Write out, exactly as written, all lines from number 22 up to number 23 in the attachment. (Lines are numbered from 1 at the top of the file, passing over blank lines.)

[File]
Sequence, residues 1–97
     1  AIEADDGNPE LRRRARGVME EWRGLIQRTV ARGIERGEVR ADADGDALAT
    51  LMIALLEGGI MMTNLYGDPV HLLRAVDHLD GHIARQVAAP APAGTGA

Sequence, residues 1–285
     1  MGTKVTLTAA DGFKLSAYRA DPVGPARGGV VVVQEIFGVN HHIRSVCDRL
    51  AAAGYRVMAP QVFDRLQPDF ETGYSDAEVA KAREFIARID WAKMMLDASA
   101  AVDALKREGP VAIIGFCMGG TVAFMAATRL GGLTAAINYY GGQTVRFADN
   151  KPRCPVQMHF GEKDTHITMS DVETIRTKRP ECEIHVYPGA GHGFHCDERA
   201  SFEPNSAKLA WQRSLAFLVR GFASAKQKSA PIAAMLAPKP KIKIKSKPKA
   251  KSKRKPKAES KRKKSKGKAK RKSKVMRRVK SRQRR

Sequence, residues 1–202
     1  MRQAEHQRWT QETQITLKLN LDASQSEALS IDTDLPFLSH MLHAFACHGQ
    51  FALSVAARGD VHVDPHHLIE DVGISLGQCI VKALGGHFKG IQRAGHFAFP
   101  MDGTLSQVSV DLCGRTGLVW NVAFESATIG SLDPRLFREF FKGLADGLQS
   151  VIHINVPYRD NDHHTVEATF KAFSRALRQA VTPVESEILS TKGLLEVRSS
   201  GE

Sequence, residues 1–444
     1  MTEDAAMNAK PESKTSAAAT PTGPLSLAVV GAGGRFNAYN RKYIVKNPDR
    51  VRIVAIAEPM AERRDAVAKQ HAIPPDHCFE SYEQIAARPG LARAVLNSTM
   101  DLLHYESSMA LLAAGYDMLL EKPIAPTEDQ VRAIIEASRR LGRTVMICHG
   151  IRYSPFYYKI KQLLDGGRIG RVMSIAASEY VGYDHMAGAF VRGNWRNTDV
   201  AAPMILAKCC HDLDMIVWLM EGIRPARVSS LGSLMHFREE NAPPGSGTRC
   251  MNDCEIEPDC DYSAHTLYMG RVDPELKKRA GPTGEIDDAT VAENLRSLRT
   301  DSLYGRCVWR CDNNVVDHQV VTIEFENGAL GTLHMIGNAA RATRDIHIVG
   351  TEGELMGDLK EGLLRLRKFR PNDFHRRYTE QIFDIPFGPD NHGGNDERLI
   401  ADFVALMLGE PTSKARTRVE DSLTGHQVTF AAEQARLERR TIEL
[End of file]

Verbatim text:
   201  AAPMILAKCC HDLDMIVWLM EGIRPARVSS LGSLMHFREE NAPPGSGTRC
   251  MNDCEIEPDC DYSAHTLYMG RVDPELKKRA GPTGEIDDAT VAENLRSLRT